Continuity has its advantages. In Pittsburgh, Dan Rooney allowed former general manager Tom Donahoe and personnel specialists such as Charles Bailey and Tom Modrak to draft, trade and sign key players in order to become a consistent winner.

The Steelers organization has adapted to the changes of frequent player movement since the advent of free agency in 1994. By allowing coaches to work in concert with their scouting department, communicating the type of player and the specific skills needed for each position, they've ensured a quick and easy transition into their offensive and defensive schemes. Despite losing Pro Bowl players like Rod Woodson, Greg Lloyd, Chad Brown and Kevin Greene, the Steelers were able to infuse their line-up with young talents such as Jason Gildon, Joey Porter, Kendrell Bell and Chad Scott because of their unified scouting and coaching components.

In today's NFL, asking coaches to hit the road and scout players following a full NFL season is like asking a man to run a race four months after the starter's pistol has been fired. Bengals coaches who travel to scout players after the regular season are not only playing catchup, but they are also missing out on valuable time to help develop future stars who spent the previous year running the former team's plays and not your own.

Four years after he was taken in the third round of the 1998 draft, the Steelers' Hines Ward has become a 1,000-yard receiver. Under the tutelage of then-wide receivers coach Bob Bratkowski, Ward learned his craft during off-season training workouts and film study. The best teachers make the best coaches, and the best communicators make the best teachers. Gone are the days when we ask our best coaches to earn their salaries by performing other tasks.

In the end, part-time coaches and part-time scouts will get you part-time results. The formula for corporate success is not difficult. It's called, "Know your role." The owners can own, but let the managers manage. Let the coaches coach, and let the players play. Please, just ask Mr. Rooney. It works.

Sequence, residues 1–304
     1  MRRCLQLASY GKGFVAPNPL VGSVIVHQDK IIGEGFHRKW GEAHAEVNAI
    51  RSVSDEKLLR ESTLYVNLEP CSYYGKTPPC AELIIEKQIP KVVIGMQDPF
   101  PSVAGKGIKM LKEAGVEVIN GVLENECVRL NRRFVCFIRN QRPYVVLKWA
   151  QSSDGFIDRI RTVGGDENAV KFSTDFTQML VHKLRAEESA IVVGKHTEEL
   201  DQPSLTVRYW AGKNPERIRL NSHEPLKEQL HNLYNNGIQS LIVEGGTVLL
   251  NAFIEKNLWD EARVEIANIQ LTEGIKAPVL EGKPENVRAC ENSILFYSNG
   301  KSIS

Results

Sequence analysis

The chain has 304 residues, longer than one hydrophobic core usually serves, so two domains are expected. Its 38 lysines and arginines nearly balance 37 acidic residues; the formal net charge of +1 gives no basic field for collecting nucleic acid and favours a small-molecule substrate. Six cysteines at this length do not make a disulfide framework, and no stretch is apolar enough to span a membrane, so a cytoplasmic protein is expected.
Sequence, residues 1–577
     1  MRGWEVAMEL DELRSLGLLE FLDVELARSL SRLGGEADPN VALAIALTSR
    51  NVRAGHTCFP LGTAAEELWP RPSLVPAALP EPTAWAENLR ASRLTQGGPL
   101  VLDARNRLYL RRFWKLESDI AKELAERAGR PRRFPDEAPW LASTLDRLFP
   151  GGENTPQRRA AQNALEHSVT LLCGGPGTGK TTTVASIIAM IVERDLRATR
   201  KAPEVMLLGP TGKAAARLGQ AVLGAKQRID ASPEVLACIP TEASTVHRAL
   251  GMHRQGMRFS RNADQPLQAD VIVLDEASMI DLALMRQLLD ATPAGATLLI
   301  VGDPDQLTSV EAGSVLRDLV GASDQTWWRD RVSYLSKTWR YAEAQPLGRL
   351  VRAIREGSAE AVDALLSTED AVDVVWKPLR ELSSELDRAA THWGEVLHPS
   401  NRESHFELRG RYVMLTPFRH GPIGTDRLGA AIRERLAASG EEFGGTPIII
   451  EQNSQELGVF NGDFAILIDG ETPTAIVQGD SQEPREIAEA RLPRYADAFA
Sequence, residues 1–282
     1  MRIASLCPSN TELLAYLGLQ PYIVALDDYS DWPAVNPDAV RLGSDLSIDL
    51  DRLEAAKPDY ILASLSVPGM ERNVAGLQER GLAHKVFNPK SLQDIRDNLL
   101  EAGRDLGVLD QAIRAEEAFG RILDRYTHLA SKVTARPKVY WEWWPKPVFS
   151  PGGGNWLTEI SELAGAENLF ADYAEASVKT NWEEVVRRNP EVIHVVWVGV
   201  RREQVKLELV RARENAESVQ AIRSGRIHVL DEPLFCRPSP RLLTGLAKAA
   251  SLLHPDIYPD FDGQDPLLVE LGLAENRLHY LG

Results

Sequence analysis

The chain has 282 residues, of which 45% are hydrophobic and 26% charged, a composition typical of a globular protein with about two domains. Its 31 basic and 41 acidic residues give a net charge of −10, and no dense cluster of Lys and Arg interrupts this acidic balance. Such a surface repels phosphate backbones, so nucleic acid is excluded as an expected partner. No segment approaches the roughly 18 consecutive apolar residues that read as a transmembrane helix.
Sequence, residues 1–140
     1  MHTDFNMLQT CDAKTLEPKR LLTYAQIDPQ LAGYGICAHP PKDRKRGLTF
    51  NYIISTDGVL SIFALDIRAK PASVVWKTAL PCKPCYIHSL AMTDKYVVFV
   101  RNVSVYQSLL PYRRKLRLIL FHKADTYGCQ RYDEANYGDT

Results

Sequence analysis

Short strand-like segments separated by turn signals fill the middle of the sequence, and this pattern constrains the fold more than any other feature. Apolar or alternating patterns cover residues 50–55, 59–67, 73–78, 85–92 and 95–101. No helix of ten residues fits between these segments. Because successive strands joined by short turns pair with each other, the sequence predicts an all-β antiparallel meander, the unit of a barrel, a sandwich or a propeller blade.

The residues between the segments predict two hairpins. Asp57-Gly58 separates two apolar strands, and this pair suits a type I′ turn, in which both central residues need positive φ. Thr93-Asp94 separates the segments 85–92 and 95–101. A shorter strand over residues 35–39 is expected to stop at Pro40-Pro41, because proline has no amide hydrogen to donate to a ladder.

Hamilton County has given the Bengals a palatial stadium, representing, in its fullness, the financial windfall and state-of-the-art technology befitting a new-millennium palace.

In return, the mega-million dollar investment has been repaid with old-school practices and stubborn ideologies. What is clear to everyone is this formula simply isn't working. Its tried-and-true failure is made evident by 12 consistent years of fractured hopes and broken dreams. While lamenting each loss, our frustrating Sundays have led to black Mondays of depression.

With that said, the use of public funds requires accountability to the public. The irony is, the fans want what you want. A WINNER.

Finally, it wouldn't hurt to communicate with your players and ask them how their families are doing. The lack of general interest in your players has been a common source of conversation in the locker room for years. Clearly, the players are seeking some element of relationship between themselves and their employer. This mere measure of humanity will go a long way in ushering in a renaissance of Bengal pride and tradition.

In a day when players can now choose for whom and where they will play, this little tiff deserves no further explanation. As for me, I owe you a debt of gratitude. But your debt to Bengals fans has yet to be paid.

Solomon Wilcots